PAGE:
How to Dry-Age Beef At Home
For meat-eaters, not all cuts of beef were made equal. Add in the aging process and that meat is simply on another level of greatness. Like a fine wine.
Dry-aged beef is quite expensive and mostly only something you treat yourself to at a restaurant. The good news is that, like most things, you can dry-age beef in the comfort of your home. The bad news is that, unlike most DIYs, it is an expensive process; from the equipment required to the meat selected. If you want to do it properly, shortcuts and poor equipment are not recommended. Before we get into how to dry-age beef at home, there are a few things you need to know.
What is Dry-Aging?
Many people may think, “Aged beef? Eeeww.” If you think about it, the last time you left a steak in the fridge too long it probably didn’t turn out so great. That’s because moisture and oxygen have messed it up. If you’ve had dry-aged beef, then you know that there’s a certain skill required to bring out the flavors that come with dry aging.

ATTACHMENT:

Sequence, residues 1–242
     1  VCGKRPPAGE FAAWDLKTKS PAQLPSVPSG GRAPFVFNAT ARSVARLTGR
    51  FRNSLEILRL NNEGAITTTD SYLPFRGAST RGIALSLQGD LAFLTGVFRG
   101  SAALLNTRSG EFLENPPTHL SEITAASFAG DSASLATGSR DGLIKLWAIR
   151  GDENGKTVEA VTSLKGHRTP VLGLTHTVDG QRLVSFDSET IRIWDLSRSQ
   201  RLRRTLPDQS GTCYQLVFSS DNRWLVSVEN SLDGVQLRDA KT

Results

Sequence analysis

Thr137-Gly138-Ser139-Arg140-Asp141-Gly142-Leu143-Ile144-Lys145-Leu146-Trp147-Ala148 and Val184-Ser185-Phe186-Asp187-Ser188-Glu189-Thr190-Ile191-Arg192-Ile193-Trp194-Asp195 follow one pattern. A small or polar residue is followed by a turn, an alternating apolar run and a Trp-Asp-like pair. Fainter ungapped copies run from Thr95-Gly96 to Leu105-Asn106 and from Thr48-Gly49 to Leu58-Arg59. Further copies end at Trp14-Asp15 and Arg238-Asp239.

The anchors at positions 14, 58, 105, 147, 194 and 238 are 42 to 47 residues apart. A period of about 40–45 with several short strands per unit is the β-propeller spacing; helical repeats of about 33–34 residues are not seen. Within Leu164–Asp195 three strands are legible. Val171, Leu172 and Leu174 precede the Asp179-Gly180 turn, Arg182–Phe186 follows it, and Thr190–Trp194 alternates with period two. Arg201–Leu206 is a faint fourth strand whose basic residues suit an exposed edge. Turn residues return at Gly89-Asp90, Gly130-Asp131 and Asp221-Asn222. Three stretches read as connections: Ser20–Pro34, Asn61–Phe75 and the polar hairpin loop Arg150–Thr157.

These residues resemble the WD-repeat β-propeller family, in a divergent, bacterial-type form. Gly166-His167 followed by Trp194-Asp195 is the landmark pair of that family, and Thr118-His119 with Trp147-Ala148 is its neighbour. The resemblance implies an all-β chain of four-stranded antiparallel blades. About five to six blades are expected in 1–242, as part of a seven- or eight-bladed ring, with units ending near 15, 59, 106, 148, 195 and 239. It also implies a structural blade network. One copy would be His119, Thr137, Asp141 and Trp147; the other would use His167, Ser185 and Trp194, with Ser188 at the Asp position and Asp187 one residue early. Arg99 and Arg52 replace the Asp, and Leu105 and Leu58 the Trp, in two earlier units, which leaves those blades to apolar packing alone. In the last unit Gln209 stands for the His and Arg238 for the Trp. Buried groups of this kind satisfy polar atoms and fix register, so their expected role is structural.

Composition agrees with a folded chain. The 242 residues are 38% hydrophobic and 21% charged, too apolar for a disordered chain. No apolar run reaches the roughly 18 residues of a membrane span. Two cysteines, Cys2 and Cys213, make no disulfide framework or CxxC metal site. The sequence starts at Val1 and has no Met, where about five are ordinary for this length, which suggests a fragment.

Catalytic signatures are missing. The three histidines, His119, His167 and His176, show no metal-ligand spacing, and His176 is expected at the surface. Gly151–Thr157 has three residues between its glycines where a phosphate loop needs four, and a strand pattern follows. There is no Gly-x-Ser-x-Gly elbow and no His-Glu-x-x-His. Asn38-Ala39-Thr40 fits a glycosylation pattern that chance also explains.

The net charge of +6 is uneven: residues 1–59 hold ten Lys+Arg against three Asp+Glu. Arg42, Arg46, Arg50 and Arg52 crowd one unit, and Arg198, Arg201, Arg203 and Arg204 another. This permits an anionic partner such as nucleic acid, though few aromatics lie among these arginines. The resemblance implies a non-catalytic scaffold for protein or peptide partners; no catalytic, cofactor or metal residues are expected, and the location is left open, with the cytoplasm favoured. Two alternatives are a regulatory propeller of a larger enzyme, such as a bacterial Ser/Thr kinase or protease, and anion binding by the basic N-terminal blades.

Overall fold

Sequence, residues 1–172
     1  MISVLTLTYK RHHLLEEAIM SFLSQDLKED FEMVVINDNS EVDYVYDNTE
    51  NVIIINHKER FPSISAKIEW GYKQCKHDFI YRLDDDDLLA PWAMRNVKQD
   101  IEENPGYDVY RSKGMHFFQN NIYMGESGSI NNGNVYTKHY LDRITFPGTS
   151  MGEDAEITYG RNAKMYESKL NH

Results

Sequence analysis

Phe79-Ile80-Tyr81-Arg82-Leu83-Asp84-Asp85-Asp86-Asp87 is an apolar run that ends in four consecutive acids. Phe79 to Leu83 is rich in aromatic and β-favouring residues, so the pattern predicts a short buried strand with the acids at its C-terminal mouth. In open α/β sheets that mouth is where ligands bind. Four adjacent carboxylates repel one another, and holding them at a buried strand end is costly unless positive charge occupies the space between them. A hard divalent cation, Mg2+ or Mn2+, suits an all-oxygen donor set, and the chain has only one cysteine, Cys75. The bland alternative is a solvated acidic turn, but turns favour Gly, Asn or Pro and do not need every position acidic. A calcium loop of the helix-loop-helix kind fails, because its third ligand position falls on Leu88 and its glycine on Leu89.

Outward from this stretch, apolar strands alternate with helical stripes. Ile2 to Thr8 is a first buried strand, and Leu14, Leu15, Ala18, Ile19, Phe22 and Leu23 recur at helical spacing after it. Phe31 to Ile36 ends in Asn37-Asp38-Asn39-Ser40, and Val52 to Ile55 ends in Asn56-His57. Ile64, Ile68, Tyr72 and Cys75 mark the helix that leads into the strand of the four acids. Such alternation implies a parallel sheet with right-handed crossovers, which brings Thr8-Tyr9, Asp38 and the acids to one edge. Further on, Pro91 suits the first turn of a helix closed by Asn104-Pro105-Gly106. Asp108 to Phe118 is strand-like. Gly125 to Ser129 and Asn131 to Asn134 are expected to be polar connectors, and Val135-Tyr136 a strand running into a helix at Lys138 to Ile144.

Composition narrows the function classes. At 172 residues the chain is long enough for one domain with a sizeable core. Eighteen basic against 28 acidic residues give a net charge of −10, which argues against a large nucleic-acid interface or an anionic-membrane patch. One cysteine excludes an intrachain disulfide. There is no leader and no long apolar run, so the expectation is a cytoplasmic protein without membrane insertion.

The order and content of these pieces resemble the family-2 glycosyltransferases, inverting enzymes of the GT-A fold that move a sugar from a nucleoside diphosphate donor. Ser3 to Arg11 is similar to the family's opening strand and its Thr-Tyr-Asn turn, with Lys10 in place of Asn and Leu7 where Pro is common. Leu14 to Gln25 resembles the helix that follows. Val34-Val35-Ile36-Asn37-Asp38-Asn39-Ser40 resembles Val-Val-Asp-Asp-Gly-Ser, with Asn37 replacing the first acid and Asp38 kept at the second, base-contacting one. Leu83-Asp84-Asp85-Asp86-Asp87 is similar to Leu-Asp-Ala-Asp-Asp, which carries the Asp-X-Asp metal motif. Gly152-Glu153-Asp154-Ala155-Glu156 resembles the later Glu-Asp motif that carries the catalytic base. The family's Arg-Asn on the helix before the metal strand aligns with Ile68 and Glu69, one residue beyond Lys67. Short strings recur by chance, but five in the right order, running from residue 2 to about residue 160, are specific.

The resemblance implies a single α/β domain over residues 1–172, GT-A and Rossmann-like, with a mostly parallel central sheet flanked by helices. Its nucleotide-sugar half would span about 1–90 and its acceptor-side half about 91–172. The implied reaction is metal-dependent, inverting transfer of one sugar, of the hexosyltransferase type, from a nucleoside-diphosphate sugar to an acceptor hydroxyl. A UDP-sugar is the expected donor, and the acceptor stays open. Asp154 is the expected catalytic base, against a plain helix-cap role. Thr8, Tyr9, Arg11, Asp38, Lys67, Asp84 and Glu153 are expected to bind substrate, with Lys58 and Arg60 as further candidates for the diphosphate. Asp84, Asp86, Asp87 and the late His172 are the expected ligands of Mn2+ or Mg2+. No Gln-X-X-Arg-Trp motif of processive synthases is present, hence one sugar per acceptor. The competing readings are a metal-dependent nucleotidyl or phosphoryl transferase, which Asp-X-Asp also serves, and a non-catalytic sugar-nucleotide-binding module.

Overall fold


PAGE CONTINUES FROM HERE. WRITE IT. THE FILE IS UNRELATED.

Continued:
Controlled rotting: That’s what dry-aging is. The beef is placed in a sanitary room with 70 to 80% humidity, a brisk airflow and at 34 to 38 degrees Fahrenheit. It is the treatment of meat designed to intensify flavor as well as tenderize the steak. Enzymes break down the amino acids, protein, and other compounds, and in the process create new compounds such as glutamates – the source of umami, the savory flavor we look for in a steak. The reduction of moisture levels leads to a concentration in flavor, as well as encouragement of the growth of “good” bacteria and mold that help to give the steak a sort of savory, salt, sweet, mushroom and nutty flavor, and aroma. As such, dry-aged beef is not for everyone. Some people can’t get enough of it. Some Egyptians, for example, loved it so much that they were buried with it. Others simply cannot stand it. If you’ve never tasted dry-aged beef before, we suggest you do before attempting to dry-age it yourself.